Alkaline earth metal
The alkaline earth metals are a series of elements comprising Group 2 (IUPAC style) of the periodic table: beryllium (Be), magnesium (Mg), calcium (Ca), strontium (Sr), barium (Ba) and radium (Ra). The alkaline earth metals provide a good example of group trends in properties in the periodic table, with well characterised homologous behaviour down the group.
The alkaline earth metals are silvery colored, soft metals, which react readily with halogens to form ionic salts, and with water, though not as rapidly as the alkali metals, to form strongly alkaline (basic) hydroxides. For example, where sodium and potassium react with water at room temperature, magnesium reacts only with steam and calcium with hot water:
- Mg + 2 H2O → Mg(OH)2 + H2
Beryllium is an exception: It does not react with water or steam, and its halides are covalent.
All the alkaline earth metals have two electrons in their outermost shell, so the energetically preferred state of achieving a filled electron shell is to lose two electrons to form doubly charged positive ions.
The alkaline earth metals are named after their oxides, the alkaline earths, whose old-fashioned names were beryllia, magnesia, lime, strontia and baryta. These oxides are basic (alkaline) when combined with water. "Earth" is an old term applied by early chemists to nonmetallic substances that are insoluble in water and resistant to heating--properties shared by these oxides. The realization that these earths were not elements but compounds is attributed to the chemist Antoine Lavoisier. In his Traité Élémentaire de Chimie (Elements of Chemistry) of 1789 he called them salt-forming earth elements. Later, he suggested that the alkaline earths might be metal oxides, but admitted that this was mere conjecture. In 1808, acting on Lavoisier's idea, Humphry Davy became the first to obtain samples of the metals by electrolysis of their molten earths.
- Beryllium's low aqueous solubility means it is rarely available to biological systems - it has no known role in living organisms, and when encountered by them, is generally highly toxic.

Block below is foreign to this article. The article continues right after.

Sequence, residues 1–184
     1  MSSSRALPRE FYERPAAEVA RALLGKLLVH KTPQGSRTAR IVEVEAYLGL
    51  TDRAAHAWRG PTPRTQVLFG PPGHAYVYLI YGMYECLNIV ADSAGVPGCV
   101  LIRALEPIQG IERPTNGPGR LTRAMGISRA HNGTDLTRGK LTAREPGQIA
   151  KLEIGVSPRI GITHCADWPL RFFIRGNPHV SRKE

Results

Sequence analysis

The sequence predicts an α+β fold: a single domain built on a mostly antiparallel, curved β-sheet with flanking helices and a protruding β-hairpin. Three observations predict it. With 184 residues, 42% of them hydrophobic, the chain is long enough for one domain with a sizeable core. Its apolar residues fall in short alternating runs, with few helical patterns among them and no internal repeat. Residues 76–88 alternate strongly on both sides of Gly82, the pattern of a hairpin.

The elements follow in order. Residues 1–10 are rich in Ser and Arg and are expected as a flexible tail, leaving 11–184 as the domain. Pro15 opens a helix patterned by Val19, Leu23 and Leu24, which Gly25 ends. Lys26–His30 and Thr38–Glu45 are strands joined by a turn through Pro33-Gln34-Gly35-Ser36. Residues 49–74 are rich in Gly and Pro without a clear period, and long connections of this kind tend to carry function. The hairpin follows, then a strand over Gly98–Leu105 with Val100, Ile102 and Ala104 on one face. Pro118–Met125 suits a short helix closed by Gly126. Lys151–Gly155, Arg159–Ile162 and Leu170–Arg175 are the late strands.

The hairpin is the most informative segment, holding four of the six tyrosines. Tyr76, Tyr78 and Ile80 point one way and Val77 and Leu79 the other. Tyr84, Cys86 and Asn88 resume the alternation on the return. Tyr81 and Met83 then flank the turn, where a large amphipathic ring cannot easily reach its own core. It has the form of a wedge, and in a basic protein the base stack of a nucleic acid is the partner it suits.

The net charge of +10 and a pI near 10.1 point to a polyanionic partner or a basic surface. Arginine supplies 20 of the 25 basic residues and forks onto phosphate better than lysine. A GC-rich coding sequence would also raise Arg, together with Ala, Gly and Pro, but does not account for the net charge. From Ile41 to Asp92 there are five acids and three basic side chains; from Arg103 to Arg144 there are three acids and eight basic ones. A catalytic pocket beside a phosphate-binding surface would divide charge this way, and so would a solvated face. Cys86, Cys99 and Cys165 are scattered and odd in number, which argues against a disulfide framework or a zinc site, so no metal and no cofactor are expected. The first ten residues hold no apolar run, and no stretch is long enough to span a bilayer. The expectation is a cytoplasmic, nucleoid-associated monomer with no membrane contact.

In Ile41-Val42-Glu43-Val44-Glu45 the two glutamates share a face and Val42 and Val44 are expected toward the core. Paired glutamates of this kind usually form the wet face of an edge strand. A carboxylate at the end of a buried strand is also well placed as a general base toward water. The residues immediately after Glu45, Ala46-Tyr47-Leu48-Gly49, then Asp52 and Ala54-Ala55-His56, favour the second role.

- Magnesium and calcium are ubiquitous and essential to all known living organisms. They are involved in more than one role, with for example Mg/Ca ion pumps playing a role in some cellular processes such as modern day batteries, magnesium functioning as the active center in some enzymes, and calcium salts taking a structural role (e.g. bones).
- Strontium and barium have a lower availability in the biosphere. They generally have no natural role in biological systems, (perhaps the only documented example is the primitive marine organism Acantharea, which uses strontium sulphate to build its exoskeleton). These elements have some uses in medicine, for example "barium meals" in radiographic imaging, whilst strontium compounds are employed in some toothpastes.
- Radium has a low availability and is highly radioactive, making it toxic to life.
- Group 2 - Alkaline Earth Metals, Royal Chemistry Society.
- Group 1 Alkali Metals and Group 2 Alkaline Earth Metals, Doc Brown's Chemistry Clinic.
- Science aid: Group 2 Metals Study aid for teens
- Maguire, Michael E. "Alkaline Earth Metals." Chemistry: Foundations and Applications. Ed. J. J. Lagowski. Vol. 1. New York: Macmillan Reference USA, 2004. 33-34. 4 vols. Gale Virtual Reference Library. Thomson Gale.
|bgcolor="Template:Element color/Alkaline earth metals" | Alkaline earth metals||Atomic numbers in Template:Element color/Solid indicate solids||style="border:Template:Element frame/Primordial;" | Solid borders indicate primordial elements (older than the Earth)||style="border:Template:Element frame/Natural radio;" | Dashed borders indicate natural radioactive elements with no isotopes older than the Earth|
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